The Assertion of French Opposition to the “Lyon-Turin” Rail Link: a Conflict Between Liminality and Intermediate Spatiality
|Revue||Revue de Géographie Alpine|
|Numéro||vol. 104, no 2, 2016 Montagnes et conflictualité : le conflit, facteur d'adaptations et d'innovations territoriales|
Public interest enquiries conducted in relation to the proposed Lyon-Turin rail link have revealed the development of a composite protest to the project in France, particularly in 2012. Different associations have emerged, along with a personality, Daniel Ibanez, which have provided this protest movement with both a face and greater coherence in its opposition to the project. A somewhat argumentative stance in 2012-2013 has progressively given way to one that has more clearly denounced the project since 2014, a change indicating a form of liminality in the expression of conflict. The foundations of this opposition in France remain distinct from those in the Susa Valley, the historic area of opposition to the project in Italy. The principle of usefulness is foremost in France while, historically, the principle of responsibility has been the driving force in Italy. This article examines the paths of the different players making up French opposition to the project by analyzing the discourse and political underpinnings of the protagonists. The study's comparative approach seeks to gain insights into the spatialities of the opposition movements in France and the Susa Valley. The article thus hopes to contribute to a more meaningful reflection on the distinction between “localness” and “proximity” by studying the relationship between protest movements and “mountain areas” as an entity in the process of the social construction of a line of argument.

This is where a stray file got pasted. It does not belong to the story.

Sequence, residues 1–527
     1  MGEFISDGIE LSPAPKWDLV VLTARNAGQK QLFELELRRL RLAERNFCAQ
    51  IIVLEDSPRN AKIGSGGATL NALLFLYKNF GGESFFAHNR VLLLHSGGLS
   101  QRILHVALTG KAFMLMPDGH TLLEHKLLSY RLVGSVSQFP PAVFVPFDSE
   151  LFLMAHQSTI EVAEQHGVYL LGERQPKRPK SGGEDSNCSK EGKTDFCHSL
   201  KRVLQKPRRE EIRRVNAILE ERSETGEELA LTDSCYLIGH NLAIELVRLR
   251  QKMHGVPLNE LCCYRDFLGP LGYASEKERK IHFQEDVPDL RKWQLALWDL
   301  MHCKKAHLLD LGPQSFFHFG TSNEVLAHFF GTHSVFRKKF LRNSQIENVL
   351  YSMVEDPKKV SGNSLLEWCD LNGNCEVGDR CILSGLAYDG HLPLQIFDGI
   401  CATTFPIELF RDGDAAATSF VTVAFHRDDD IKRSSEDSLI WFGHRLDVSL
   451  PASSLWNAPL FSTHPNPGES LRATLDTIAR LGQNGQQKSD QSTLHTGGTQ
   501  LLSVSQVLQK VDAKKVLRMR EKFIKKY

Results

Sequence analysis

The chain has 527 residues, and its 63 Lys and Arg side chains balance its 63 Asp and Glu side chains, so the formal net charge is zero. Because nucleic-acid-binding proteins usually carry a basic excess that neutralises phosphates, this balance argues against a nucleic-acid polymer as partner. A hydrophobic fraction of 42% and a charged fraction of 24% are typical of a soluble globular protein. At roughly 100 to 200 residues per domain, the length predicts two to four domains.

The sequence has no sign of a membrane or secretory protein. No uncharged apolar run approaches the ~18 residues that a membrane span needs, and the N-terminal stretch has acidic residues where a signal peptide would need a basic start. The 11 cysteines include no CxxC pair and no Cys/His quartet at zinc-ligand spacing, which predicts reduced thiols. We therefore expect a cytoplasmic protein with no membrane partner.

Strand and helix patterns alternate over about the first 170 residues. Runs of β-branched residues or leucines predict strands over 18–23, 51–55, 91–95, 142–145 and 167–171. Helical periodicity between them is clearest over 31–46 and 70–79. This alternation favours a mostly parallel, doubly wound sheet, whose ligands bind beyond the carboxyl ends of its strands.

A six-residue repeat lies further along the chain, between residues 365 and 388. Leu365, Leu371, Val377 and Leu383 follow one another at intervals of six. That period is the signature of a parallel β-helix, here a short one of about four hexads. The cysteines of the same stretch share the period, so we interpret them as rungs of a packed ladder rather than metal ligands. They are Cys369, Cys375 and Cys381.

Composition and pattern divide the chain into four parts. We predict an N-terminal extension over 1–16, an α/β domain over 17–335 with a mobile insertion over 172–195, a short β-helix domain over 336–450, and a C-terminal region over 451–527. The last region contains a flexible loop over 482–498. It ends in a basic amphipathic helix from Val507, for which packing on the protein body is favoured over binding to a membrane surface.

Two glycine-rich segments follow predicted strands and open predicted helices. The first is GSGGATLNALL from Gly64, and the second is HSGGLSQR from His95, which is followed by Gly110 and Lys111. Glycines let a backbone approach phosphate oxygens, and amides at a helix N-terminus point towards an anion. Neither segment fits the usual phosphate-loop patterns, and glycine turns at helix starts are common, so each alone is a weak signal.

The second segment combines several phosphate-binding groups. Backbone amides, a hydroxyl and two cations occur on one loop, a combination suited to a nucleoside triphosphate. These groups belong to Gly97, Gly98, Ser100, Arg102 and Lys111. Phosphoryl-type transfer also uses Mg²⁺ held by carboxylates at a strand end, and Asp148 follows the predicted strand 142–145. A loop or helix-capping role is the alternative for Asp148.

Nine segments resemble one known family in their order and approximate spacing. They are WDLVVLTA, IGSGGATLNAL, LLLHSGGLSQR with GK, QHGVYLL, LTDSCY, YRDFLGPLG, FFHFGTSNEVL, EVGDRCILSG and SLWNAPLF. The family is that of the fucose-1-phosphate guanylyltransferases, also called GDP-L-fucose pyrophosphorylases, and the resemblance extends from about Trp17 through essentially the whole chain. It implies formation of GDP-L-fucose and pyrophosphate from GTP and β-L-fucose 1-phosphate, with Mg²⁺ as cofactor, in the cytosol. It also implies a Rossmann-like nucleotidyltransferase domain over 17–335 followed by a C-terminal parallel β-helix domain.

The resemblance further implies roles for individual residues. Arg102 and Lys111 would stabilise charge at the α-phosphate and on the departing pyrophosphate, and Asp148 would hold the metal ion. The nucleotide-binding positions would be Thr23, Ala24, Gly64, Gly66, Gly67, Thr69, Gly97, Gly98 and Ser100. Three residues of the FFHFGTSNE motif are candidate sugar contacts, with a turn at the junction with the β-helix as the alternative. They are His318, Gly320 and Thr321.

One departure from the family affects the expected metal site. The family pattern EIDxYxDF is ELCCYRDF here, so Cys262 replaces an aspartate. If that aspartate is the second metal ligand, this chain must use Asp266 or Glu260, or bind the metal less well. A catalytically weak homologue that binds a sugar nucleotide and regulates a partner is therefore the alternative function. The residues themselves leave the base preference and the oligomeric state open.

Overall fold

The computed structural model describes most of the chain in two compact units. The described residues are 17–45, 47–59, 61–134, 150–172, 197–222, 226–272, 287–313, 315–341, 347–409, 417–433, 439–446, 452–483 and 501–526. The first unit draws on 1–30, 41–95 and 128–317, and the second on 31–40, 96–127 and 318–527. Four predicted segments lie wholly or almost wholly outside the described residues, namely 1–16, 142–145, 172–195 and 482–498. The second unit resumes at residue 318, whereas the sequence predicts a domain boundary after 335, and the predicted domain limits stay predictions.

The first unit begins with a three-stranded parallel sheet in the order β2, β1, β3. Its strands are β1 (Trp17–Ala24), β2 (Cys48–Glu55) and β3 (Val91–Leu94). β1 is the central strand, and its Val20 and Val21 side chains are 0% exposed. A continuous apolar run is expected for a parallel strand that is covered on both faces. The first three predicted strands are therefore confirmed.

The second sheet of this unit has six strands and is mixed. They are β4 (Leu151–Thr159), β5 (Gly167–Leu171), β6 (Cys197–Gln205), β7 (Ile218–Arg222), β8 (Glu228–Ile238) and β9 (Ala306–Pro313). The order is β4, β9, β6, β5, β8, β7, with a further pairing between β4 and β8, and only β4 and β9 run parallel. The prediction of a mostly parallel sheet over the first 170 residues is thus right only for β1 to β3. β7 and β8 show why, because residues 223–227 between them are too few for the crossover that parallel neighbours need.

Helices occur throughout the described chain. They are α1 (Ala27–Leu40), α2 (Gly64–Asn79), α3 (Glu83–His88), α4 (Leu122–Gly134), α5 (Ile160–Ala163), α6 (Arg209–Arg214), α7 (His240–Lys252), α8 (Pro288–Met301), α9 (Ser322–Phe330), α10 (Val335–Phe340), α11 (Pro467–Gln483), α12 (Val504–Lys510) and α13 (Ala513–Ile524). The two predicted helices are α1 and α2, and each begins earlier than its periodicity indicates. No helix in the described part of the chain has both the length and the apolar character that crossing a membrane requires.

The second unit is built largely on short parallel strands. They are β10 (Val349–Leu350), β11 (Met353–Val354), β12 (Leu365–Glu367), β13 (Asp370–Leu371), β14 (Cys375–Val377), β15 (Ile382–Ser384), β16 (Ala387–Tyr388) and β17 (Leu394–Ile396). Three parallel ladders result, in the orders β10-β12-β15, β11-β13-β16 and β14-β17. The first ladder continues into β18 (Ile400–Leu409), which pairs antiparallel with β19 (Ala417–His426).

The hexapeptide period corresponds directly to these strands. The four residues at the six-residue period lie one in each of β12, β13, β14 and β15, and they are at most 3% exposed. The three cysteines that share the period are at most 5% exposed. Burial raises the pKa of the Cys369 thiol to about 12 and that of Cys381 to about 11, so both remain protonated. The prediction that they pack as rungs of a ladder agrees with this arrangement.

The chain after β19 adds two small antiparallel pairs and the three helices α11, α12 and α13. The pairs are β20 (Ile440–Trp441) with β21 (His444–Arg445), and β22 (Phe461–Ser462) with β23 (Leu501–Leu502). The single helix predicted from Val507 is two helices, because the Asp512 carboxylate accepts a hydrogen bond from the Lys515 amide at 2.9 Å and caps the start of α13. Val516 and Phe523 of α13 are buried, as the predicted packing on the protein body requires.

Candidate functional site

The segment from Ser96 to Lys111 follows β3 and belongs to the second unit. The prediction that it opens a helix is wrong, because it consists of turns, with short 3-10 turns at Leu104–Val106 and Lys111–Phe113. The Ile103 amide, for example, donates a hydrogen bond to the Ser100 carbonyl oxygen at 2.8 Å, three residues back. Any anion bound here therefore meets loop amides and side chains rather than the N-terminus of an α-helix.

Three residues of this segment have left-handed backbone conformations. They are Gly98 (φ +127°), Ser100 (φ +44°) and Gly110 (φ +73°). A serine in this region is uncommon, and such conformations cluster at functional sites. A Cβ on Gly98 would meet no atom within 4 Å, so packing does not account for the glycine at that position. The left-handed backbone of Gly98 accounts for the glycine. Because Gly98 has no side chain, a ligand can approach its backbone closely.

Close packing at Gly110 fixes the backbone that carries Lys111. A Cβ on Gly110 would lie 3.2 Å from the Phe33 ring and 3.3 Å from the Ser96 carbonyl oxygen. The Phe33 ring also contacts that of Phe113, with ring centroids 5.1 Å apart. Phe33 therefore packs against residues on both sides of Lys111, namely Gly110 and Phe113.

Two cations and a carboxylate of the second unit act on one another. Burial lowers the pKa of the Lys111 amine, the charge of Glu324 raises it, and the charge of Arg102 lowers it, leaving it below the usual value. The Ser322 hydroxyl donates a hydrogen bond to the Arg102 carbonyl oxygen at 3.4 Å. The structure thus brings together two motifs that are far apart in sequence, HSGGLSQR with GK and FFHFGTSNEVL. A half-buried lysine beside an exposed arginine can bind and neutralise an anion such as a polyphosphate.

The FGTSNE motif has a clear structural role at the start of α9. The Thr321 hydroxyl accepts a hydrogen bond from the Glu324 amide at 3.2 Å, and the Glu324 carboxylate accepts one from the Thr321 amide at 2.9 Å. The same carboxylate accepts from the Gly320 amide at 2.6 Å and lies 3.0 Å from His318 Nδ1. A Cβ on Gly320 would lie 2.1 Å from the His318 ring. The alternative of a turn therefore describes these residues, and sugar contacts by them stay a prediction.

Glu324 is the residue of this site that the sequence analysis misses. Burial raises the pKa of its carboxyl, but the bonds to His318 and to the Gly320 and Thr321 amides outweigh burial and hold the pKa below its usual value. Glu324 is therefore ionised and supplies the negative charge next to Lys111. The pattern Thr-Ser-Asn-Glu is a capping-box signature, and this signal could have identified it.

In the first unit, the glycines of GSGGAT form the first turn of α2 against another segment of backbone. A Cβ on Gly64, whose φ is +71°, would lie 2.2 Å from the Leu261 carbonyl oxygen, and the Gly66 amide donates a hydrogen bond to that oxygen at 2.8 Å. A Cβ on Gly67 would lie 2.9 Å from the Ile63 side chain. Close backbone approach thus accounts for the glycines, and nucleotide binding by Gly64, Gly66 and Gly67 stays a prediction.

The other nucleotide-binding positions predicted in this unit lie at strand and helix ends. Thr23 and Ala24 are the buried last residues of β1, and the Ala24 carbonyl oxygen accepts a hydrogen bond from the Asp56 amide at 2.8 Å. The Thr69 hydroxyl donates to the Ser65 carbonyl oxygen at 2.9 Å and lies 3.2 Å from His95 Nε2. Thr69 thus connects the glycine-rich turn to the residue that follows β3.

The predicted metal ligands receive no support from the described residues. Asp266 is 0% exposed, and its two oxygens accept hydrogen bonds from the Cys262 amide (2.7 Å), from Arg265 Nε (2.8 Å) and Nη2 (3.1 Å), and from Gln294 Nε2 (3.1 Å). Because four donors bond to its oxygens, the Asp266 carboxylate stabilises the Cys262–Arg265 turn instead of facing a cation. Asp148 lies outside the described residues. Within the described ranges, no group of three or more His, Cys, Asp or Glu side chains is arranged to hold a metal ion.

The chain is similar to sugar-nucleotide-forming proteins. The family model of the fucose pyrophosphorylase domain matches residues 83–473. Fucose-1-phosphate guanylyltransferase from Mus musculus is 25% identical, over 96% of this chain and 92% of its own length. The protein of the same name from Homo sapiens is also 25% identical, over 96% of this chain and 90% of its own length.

Source : Éditeur (via OpenEdition Journals)
|Article en ligne||http://journals.openedition.org/rga/3251|